ONE OF MY favourite cards in my book on the postcards of Cork is a Milton Series postcard of a monument to militant Irish nationalists on the main street in Charleville in north Cork.* It excellently represents Irish nationalism for me: a cold stone monument to the dead in a dirty street in some drive-thru town surrounded by a herd of terrified shitty-ass sheep one stop away from a butcher’s crush, the monument itself a Celtic cross the centre-point of which is the flaming sacred heart of the suffering Christ.
In May 1921, during the War of Independence, Charleville’s Donal O’Brien, an Irish Republican Army volunteer, was executed by the British authorities (in Cork prison, a reprisal killing); the monument commemorates Donal O’Brien (and others) and the militarized sacrifices made in the cause of the Irish nation-state. The memorial was unveiled in October 1930 by Eamon de Valera, a Nationalist leader of the Easter Rising of 1916 and of the more successful War of Independence (1919-21), then the leader of Fianna Fáil, the Republican Party, the political group that were soon to take up the reins of government in the 26-county state and go on to become ‘the natural party of government’ for the rest of the century (‘Fianna Fáil’ means ‘soldiers of destiny’, ‘Fáil’ is pronounced “fall”).
An account of Mr de Valera’s remarks on this occasion — as reported in the Cork Examiner — is provided below. What is striking to me about what Mr de Valera is reported as saying (and there is no reason to suppose that the reporting is in any way defective) is not so much the unappealing nature of his jihadist thesis — a country and a people may be judged worthy to the extent to which they produce young people ‘who are ready to make such sacrifices as Donal O’Brien made’ (not, mark you, by whether the people are happy or have enough to eat and so on, but the extent it produces young fellas willing to self-sacrifice for the cause) — not so much the ugly import of this presentation but the fact that this kind of ideology was mainstream in Ireland when my father was a child — shop-keepers and postmasters and school teachers subscribed to it, overtly and covertly. Someone speaking like this today, of course, would be seen as a total wing-nut (for the most part anyway, depending on where you are) but I remember this guff even when I was a child in primary school — we had a schoolmaster who was full it, and, on the schoolroom walls, along with the crucifix and a map of Ireland was the Proclamation of the Irish Republic surrounded by pictures of all the executed leaders of 1916; and that is all there was on those cold schoolroom walls — the gruesome crucified Christ and nation-state icons).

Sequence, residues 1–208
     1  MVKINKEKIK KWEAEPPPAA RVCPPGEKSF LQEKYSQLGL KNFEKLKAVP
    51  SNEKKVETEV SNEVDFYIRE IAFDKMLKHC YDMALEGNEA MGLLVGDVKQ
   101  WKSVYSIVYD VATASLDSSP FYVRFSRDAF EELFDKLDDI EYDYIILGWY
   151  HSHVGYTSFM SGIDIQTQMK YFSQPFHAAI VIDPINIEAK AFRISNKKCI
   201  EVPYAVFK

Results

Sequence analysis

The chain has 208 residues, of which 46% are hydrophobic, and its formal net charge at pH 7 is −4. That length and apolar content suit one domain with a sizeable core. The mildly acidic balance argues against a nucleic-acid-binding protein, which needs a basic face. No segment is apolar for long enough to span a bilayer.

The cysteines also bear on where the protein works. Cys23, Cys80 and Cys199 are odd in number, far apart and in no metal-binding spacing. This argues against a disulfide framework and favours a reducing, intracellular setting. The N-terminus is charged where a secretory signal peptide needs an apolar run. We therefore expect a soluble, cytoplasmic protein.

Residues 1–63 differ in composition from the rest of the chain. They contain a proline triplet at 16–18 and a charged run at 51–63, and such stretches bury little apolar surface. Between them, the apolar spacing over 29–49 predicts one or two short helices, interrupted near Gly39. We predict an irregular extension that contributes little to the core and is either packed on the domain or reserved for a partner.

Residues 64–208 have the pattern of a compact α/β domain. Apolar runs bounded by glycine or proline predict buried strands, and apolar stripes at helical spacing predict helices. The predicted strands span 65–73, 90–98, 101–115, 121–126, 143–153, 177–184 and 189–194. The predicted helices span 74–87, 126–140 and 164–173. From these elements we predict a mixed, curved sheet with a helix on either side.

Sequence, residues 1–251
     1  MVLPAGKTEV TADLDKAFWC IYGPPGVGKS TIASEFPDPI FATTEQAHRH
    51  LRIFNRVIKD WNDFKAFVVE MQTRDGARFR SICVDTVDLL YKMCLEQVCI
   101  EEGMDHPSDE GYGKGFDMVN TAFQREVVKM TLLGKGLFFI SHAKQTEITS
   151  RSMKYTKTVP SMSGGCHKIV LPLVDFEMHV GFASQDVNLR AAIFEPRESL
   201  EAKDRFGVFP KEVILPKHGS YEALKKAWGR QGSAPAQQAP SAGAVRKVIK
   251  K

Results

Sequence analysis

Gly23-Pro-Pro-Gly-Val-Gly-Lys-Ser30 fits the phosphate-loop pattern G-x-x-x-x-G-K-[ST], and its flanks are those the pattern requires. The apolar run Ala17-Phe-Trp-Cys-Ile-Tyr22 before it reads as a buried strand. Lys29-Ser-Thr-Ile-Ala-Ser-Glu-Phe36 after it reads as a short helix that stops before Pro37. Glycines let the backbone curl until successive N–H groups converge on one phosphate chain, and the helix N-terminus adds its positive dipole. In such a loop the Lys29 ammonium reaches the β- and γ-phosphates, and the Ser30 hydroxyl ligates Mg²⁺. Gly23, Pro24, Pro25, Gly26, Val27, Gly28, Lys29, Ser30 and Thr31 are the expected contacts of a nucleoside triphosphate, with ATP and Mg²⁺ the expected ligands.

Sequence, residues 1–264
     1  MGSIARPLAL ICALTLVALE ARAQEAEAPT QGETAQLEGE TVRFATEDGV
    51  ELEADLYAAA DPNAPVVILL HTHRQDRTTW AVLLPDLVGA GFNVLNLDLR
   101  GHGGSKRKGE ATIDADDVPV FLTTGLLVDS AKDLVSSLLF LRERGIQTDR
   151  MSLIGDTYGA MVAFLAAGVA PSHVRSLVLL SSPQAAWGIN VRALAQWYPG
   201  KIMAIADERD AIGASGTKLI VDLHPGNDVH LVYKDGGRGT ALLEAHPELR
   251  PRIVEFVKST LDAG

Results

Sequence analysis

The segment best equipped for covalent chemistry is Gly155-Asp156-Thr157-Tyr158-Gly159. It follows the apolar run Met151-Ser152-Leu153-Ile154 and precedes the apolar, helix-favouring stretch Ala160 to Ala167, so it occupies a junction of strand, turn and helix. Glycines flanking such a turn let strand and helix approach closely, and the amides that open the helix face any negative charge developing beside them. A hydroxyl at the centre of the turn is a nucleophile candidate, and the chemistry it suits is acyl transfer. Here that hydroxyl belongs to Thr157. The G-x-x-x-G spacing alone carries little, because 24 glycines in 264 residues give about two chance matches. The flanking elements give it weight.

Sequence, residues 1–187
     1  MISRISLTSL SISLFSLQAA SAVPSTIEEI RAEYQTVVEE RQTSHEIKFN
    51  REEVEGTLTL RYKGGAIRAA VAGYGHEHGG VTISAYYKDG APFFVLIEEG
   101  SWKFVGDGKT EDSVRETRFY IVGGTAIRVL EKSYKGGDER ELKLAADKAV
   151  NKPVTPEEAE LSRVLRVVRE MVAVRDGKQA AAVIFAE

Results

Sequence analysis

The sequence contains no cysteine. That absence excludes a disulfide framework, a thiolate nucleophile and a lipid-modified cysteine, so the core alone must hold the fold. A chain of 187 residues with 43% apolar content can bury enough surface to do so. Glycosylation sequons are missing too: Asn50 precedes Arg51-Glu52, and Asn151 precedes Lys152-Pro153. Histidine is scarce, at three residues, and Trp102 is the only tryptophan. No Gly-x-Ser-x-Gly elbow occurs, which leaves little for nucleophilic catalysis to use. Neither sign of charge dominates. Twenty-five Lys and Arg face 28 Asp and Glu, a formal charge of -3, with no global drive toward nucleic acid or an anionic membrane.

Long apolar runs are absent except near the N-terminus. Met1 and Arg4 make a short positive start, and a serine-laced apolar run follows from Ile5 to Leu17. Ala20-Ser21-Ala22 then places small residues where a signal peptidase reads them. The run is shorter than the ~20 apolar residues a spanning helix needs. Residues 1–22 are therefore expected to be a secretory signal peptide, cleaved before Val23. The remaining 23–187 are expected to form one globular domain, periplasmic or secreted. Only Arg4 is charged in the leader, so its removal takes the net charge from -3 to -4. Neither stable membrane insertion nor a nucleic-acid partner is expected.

And bear in mind Mr de Valera himself always managed to escape without having to self-sacrifice — it was the O’Brien boys, and others like them, who had to do the self-sacrificing when it came to it. (De Valera, by the by, was brought up in nearby Bruree — he was born in New York City to an unmarried serving-girl, who sent the infant home to Ireland to be reared by her parents, which is why de Valera escaped the firing squad in 1916 (his claim to United States citizenship saved him at a time when Britain was attempting to tease America into the Great War of 1914-18); in his teens, de Valera attended the Christian Brothers School in Charleville.)
This stone monument erected to the memory of Donal O’Brien would, he said, remind them all of those men with whom he had taken his stand, and with whom he had joined in making the great sacrifice of giving his young life that Ireland might be free . . .
. . . What was their duty, asked Mr De Valera, when they thought of sacrifices like the sacrifice of Donal O’Brien? What had he died for? He died that Ireland might be free—that Ireland might belong to the Irish people, that it might be their very own, without the influences of foreign power. If they were faithful to this man, if they were worthy of his sacrifice, they would, every one of them, say to-day that the Ireland of the future would be the Ireland for which he died. The men who had raised this monument to Donal O’Brien had done so in loyalty to him and in order that his memory might not be forgotten. They had done even greater service than perpetuate his memory, they had done something for Ireland, because this monument would there stand as a reminder to every one of them that if they were to have an Ireland worth while they should, every one of them, be prepared to make such sacrifices as may be necessary. “This country,” he said, “whatever may be the future before it, may be certain of this, that unless we are able to have young men amongst us—unless we are going to have young people who are ready to make such sacrifices as Donal O’Brien made—this country can never realise its ambition to be a great country. No country ever can unless its people are prepared to make sacrifices when called upon. And this stone here in our midst will be something to inspire our young, make them think that there is glory, and great glory, in giving one’s life for one’s friends and one’s country.”
As long as this country had families like the O’Briens, he concluded, where the brothers are prepared to stand together and where the mothers and parents would be prepared to give up their sons in order that Ireland might be free, Ireland’s future was in safe-keeping. This monument had been given into their keeping, and he knew that the people of the neighbourhood would see to it that it was preserved as it should be, and that everyone that passed it by would not only say a prayer for Donal O’Brien, and for those who had given up their lives, but for the achievement of that object for which they had died, and that those purposes would be finally secured. (Applause.)
*Love from Cork: Postcards of the City & County, (The Collins Press, 2013), pp. 172-3